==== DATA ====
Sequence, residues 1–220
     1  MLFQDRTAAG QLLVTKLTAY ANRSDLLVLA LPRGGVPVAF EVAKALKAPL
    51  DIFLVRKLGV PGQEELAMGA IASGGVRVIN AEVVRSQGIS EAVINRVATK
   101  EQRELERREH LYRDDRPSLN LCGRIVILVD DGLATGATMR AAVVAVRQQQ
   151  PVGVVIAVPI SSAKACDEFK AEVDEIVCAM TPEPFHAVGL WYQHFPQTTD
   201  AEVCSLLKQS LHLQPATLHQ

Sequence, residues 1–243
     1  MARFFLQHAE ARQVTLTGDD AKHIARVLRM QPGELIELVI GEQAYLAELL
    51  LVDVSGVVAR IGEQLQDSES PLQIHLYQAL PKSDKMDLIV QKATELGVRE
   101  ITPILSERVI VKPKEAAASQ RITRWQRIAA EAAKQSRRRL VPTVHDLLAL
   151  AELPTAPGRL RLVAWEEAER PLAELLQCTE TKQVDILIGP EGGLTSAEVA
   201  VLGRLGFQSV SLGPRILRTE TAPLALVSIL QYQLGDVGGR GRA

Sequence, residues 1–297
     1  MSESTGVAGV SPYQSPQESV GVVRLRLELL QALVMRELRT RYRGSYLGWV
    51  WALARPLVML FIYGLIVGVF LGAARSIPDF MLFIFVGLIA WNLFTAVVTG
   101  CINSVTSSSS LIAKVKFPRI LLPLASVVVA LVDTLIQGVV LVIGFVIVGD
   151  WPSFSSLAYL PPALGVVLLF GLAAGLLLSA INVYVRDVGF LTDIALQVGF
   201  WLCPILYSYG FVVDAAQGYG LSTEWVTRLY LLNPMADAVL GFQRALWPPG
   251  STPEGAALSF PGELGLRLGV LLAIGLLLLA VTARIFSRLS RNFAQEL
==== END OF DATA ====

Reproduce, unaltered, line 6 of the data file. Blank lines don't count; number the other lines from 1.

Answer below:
   201  AEVCSLLKQS LHLQPATLHQ